Funmi Ade

1 year ago · 2 min. reading time · visibility ~100 ·

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Reclaiming the Black Woman Narrative

Reclaiming the Black Woman NarrativeLast year I protested International Women's Day, because I felt having a day to celebrate women, was somewhat patronising and of little value, in the real battle for equality.  This year I am taking the opposite direction, in the hope of underscoring my point.  With a particular focus on African and African American women, because we are the ones for whom the 'feeble, down trodden' stereotype is most applicable'.  Yet as often, the reality is quite different.

Let's start with African American women past and present.  We maybe familiar with the likes of Mary Angelou; author; Bonny Greer, author and critic; Oprah and Beyonce (entertainers) and Rosa Parks, whom precipitated the USA bus boycott and subsequent reversal, of the segregated transport policy.  However, I doubt many are familiar with trail blazing Black women like Katherine Jackson (1918 - 2020) of NASA, whose mathematical calculations played a vital role in sending the first American astronauts to the moon.  Accomplishing this feat, at a time of highly segregated USA.  Nor that the first self- made and most wealthy, female woman millionaire in USA, at the time, was African American - Madam CJ Walker (Sarah Breedlove, 1967 - 1919).  Accomplishing this at a time when human- trafficking and the enslavement of people, by European Americans was rife and lynching endemic.

There are of course, many African American heroines. including Harriet Tubman (1822 - 1913) resisting slavers and supporting the enslaved, to escape the worst inhumanity to man, to date.   My case in point here, is that it was not a 'DAY' that propelled these women to greatness, not a policy and not placard carrying that led to their success.  They succeeded in spite of the hardship, prejudices and oppression they faced.  It was strength of character and determination that did it for them, I wager, not the United Nations!!

More recently the imagery of African woman have suffered incalculable damage, with never- ending media generated stories of their opporession.  Particularly nasty was the 'female genitalia mutilation' campaign (called female circumcision by those who practice it).  I am not entering into debate about this non- pervading custom, save to say discussing a woman's most private anatomy, like the neutering of  cats, by people that is does not remotely concern,  is not gender enhancing.  Like so much that comes out of the continent that is unrepresentative, I counter the narrative today, by celebrating some great African women past and present.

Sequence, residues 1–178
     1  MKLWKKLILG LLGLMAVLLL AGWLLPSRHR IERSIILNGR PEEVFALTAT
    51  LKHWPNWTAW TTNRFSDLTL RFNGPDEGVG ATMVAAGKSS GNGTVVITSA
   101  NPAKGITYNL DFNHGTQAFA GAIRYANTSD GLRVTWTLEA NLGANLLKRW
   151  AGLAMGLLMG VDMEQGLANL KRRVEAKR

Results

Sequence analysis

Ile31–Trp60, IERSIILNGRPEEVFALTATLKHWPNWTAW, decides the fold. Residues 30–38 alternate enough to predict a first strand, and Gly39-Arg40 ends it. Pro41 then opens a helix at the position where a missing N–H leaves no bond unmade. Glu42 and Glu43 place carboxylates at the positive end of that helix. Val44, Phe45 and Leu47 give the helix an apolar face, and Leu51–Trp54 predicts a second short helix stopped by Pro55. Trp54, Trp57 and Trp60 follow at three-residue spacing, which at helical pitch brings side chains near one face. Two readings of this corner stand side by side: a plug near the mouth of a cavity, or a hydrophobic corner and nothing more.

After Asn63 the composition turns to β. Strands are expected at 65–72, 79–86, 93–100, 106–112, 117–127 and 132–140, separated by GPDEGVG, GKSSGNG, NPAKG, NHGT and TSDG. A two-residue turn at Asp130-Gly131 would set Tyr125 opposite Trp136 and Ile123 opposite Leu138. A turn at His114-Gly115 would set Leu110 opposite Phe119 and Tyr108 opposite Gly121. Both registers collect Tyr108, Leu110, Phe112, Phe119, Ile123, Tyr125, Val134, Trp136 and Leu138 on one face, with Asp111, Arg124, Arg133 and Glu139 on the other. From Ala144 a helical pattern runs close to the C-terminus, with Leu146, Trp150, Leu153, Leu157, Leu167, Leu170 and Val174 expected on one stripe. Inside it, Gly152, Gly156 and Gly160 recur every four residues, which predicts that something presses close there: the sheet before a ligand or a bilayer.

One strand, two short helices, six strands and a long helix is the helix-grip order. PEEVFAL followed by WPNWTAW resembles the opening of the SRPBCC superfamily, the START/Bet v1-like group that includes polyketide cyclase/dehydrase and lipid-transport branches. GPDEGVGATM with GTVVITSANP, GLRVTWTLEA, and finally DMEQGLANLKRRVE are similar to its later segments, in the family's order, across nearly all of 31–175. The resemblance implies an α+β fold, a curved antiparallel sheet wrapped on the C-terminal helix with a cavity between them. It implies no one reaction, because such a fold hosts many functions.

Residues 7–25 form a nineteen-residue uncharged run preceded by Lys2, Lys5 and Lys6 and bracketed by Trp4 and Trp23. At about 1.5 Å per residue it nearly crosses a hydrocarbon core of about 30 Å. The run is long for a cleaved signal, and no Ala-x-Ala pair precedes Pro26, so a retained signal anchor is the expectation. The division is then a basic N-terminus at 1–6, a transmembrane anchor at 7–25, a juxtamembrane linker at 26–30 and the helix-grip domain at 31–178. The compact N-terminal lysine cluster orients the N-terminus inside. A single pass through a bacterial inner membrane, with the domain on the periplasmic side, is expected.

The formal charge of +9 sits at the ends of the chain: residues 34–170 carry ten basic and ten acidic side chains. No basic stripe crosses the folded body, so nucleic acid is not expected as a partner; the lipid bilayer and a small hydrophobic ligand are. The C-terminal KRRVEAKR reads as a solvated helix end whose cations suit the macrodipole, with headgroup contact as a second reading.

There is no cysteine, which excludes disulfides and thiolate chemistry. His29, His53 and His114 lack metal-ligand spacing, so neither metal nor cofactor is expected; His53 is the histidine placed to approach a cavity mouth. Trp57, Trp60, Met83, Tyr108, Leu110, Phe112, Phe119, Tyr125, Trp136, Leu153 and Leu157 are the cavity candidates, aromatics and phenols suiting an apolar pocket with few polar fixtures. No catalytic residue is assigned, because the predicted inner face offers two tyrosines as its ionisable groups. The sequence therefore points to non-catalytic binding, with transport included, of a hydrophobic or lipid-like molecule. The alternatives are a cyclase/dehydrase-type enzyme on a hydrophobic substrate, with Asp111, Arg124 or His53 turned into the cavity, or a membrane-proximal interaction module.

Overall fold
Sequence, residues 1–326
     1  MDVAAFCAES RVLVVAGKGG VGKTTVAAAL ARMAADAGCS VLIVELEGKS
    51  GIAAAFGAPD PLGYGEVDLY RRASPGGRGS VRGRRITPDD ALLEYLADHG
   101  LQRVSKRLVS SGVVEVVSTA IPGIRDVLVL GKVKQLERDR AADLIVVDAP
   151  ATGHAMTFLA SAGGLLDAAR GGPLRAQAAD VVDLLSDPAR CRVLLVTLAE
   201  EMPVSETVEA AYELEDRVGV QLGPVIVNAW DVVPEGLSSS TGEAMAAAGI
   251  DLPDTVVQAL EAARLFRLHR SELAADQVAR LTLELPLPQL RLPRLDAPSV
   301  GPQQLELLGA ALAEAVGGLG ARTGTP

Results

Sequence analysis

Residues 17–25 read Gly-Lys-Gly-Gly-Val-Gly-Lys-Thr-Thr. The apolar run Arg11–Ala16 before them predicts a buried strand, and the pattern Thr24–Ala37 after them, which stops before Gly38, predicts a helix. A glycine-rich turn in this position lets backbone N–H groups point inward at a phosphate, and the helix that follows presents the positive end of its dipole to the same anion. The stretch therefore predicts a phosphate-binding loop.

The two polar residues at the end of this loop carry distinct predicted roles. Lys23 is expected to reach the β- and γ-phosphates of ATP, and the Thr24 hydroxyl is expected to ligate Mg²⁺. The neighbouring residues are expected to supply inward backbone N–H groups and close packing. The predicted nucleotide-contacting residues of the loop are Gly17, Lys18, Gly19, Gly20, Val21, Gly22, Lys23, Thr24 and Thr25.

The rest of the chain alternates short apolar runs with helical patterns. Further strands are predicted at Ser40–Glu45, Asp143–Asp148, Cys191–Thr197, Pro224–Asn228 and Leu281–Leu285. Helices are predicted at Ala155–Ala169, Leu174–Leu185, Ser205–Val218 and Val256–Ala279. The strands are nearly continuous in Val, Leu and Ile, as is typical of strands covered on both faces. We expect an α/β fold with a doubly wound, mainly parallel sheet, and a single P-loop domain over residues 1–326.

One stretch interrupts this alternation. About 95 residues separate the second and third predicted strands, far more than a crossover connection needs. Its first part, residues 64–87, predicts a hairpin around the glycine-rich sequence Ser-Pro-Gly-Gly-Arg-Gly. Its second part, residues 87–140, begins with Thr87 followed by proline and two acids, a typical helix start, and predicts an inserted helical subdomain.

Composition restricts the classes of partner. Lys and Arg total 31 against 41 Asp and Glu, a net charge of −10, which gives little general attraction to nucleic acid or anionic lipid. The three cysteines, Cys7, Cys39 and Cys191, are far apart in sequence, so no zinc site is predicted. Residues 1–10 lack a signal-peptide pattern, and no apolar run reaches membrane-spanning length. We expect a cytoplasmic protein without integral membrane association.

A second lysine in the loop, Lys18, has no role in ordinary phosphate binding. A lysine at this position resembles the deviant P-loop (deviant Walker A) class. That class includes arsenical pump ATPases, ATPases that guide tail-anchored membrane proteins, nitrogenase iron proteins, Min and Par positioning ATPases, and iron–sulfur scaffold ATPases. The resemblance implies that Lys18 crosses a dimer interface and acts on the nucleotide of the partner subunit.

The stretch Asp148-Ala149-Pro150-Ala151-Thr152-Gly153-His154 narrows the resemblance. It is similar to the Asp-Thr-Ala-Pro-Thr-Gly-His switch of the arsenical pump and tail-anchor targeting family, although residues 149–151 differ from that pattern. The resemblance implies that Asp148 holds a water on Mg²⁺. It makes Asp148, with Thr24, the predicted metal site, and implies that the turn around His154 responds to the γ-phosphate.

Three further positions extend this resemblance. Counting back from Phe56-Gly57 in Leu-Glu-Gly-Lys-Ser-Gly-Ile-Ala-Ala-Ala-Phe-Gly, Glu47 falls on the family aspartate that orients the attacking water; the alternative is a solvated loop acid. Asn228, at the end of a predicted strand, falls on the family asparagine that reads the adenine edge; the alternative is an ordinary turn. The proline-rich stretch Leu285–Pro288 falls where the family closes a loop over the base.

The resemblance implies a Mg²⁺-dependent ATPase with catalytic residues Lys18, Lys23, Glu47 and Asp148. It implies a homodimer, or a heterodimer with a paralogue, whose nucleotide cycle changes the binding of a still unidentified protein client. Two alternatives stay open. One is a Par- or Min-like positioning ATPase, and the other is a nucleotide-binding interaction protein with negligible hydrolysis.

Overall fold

Lady Kofo Ademola (1922 - 2002) attended Oxford University, UK, earned a degree in education, as the 1st African woman to do so and taught at a foremost girls' college in Lagos, Nigeria.  She had many contemporaries - Lady Kofo Abayomi, educationist (1897 - 1990),  multiple award winning political activist, Funmi Ransom- Kuti (1900 - 1978) to mention a few.

Earlier, in distant history was Amina, the warrior Queen of Kano (1533 - 1610), Nigeria. Unlike Elizabeth 1 Queen of England (1533 - 1603) she actually led military campaigns.  Then the Agoji, female warriors and protectors of the King of Dahomey,  now modern day Benin Republic, whom inspired the Dora Milaje in the Black Panther.  Queen Gudit of Ethiopia; she claimed the throne, didn't inherit it.  Finally Queen Idia of Benin City, Nigeria, the warrior mother Queen, behind the throne of King (Oba) Esigie, in the 16th century.

More recently, we have many female authors from Africa 'breaking the glass ceiling' among the most well known Chimamanda N Adichie.  There's Billionaire business woman Folurunso Alakija, close to billionaire Bola Sagaya, both Nigerian.  In the field of social care, charity and aid, are women from all walks of life, contradicting the notion that aid is something Europeans give to Africans, without which, they couldn't survive.  Young and young at heart within the community but unknown like Dr Bisi Adeniyi and 20 year old Aramide Akintimehin.

To round up, yes, there is a need for women's empowerment but chanting slogans and exchanging platitudes, on a single day of the year, is not whats going to do it.  At an individual level we women, need to recondition our minds away from the victim mentality, to grabbing the initiative and imposing our presence, like all these women have done.  Let's remember that we probably have some blame in the attitudes men have towards women.  After all women mother their sons, into adulthood.

#internationalwomen'sday  #blackwomen #africanwomen #success #warriors #motivation #leadership #humanresources

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Funmi Ade

1 year ago #2

#1
Yes, but its possible and needs to be done, because gender equality is extra hard for Black women in predominately 'White cultures'. There's the extra burden of race though as I point out women of colour have surmounted this and other limitations to excel.

Lyon Brave

1 year ago #1

It's hard to reclaim a narrative.

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